One Small Step
By Amy Ferguson

“I had no idea you were genuinely interested in what I had to say.” Jenn Stanley is a self-described liberal. Her father, Peter Stanley, votes Republican. Over time, a deepening chasm between them made it difficult to talk about the things they care about—until they sat down to try and listen to each other’s points of view.

Family Politics, a StoryCorps animation of their conversation is part of One Small Step, a new national effort designed to encourage people to engage in a conversation with someone they may not agree with politically.

Ground Rules
A One Small Step conversation is not about arguing a political position or changing minds. There are actually a few basic rules.

Don’t: Raise your voice, name call, or interrupt your interview partner.

Do: Listen. Remember, listening is not about being quiet—it’s about being present and curious.

Remember: This is a two-way conversation. Be prepared to ask, as well as answer, questions. Try not to debate political issues. It’s not about arguing a position. It’s about getting to know someone you might have thought you had nothing in common with.

One Small Step aims to remind us that we have more in common than what divides us and that treating those with whom we disagree with decency and respect is essential to a functioning democracy.

In addition to some basic ground rules, StoryCorps, as always, has a handy series of questions for you and your conversation partner.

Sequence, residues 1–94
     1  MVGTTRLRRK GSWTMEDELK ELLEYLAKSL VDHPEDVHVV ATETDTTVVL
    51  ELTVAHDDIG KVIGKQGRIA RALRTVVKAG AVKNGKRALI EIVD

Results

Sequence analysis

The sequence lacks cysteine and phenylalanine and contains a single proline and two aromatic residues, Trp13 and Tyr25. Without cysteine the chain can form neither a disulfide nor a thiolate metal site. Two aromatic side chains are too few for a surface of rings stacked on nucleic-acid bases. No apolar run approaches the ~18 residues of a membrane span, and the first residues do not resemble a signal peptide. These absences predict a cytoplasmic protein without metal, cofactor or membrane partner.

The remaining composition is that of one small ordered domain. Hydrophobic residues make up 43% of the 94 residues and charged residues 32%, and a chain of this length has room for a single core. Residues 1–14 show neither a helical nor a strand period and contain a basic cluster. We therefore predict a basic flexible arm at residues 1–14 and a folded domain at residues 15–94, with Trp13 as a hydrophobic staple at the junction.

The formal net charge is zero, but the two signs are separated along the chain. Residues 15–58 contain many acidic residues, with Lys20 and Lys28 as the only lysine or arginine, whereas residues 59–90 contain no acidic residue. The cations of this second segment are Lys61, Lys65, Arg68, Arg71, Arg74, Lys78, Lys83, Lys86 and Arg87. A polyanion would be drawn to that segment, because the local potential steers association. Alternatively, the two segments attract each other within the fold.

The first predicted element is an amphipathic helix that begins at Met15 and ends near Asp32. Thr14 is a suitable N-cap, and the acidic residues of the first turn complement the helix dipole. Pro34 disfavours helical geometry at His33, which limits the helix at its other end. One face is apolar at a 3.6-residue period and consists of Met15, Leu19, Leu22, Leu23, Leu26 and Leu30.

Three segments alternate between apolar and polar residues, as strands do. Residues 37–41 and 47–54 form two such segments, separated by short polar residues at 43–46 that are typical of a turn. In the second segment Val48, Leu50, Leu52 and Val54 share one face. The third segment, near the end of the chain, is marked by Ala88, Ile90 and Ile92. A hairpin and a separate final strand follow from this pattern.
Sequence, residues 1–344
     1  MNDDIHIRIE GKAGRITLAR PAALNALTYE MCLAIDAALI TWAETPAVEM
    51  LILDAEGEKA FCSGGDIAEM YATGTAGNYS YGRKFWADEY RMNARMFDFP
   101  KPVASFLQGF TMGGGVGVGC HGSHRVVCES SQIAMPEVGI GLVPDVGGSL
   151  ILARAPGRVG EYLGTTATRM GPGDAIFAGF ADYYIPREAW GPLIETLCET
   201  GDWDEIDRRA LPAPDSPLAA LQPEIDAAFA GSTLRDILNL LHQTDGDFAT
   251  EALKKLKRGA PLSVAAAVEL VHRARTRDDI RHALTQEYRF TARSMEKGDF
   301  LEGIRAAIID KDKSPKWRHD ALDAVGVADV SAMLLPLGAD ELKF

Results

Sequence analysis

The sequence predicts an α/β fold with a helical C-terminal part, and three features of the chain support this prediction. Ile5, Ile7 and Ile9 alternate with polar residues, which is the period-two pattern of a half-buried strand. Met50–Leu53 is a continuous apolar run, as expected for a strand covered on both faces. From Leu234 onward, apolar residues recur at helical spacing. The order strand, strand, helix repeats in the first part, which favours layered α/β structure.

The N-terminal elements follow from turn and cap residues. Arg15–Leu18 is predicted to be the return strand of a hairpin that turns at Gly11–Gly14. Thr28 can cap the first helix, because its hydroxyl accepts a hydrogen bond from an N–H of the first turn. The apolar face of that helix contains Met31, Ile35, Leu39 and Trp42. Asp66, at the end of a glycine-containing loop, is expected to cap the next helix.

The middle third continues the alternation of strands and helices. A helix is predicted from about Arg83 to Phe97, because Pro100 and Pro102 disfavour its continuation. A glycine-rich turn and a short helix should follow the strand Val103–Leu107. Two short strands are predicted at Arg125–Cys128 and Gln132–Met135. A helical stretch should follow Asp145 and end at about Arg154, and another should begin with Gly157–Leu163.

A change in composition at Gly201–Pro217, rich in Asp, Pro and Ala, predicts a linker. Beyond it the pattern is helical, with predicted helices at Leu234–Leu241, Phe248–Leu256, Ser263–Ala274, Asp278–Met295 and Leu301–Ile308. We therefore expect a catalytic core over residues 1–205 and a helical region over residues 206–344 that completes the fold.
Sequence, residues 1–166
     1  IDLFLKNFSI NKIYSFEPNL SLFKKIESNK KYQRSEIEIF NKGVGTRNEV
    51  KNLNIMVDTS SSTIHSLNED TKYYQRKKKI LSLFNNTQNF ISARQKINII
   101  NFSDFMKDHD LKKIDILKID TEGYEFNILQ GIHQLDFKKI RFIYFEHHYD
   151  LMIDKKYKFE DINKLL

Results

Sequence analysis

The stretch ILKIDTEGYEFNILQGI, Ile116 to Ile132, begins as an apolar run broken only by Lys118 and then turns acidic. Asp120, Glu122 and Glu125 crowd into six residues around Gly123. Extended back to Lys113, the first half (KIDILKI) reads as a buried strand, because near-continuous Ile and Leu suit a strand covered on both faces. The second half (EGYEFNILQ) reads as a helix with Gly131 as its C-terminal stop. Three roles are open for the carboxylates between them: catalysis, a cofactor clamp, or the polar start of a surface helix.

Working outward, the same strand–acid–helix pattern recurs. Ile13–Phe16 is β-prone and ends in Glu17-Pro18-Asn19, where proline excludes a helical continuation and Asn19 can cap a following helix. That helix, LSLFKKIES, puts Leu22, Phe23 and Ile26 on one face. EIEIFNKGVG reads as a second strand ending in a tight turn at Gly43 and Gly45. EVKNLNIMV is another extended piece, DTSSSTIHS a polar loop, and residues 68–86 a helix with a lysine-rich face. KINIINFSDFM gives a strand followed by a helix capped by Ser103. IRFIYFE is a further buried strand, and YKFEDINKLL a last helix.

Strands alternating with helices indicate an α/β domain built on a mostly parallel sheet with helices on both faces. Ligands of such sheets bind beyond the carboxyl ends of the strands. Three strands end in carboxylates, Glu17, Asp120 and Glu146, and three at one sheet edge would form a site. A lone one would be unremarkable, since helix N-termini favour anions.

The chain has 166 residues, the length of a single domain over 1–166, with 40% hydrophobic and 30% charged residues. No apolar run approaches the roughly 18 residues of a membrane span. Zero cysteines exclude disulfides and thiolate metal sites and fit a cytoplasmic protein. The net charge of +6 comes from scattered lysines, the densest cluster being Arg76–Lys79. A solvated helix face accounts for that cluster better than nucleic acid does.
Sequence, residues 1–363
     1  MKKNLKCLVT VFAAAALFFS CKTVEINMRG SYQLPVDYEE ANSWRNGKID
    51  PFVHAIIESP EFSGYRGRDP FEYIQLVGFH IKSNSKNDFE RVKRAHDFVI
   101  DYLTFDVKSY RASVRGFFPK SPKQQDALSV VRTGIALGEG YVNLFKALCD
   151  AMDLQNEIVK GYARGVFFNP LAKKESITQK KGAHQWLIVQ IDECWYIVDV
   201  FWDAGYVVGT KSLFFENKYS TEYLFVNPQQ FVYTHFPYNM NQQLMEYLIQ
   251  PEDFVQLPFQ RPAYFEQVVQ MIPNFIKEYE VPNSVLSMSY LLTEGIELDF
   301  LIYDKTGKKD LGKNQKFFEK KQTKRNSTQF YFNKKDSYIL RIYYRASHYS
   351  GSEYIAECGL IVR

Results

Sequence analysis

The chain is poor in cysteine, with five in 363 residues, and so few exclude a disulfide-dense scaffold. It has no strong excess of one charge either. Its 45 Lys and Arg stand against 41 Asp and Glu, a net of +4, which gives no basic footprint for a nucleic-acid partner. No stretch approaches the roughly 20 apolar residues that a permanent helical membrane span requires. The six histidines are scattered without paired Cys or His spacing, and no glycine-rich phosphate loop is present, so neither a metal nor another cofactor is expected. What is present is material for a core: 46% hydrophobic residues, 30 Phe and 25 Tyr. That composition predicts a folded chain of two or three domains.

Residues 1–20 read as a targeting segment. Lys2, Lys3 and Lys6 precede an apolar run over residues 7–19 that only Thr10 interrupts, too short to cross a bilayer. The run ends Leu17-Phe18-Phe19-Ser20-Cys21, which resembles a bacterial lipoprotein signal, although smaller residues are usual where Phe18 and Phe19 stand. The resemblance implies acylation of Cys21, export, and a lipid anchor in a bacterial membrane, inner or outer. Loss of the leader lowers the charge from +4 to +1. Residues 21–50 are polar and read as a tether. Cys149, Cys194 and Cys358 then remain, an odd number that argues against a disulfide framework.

Ask questions like:

  • Why did you agree to do this interview today?
  • Can you tell me a story about the first time you remember being aware of politics?
  • Who has been the most influential person in your life? What did they teach you?
  • Can you tell me a story about any lessons you learned from your parents? How does that shape how you see the world today?
  • How have your political views changed over time? Was there something specific that made you change?


…then move on to questions like:

  • Do you feel misunderstood by people who have different beliefs than you? How so?
  • What is it that people say about you that is most painful?
  • Is there someone whom you disagree with but still respect? If so, why?
  • When you think about the future, what are you most scared of?


Closing questions:

  • What were your expectations coming into this conversation, and did they change?
  • What is the one thing you respect about the way I see the world?
  • Is there anything you’ve learned from our conversation?
  • Is there anything that surprised you during the conversation?
  • Do you have any regrets?
  • What are you proudest of?

With One Small Step, StoryCorps is seeking to counteract intensifying political divides, by facilitating and recording conversations that enable people who disagree to listen to each other with respect. So, think about it—maybe there’s a One Small Step conversation you can have. Here’s a link to tips you can share and print.

And maybe you’ll consider going one step further and recording your conversation. Anyone with a smartphone can record an interview with the StoryCorps App. StoryCorps recommends use of the app in conversations with someone you know, noting it is not suited for conversations between strangers. The StoryCorps App is available on iOS, Android devices and on Kindle.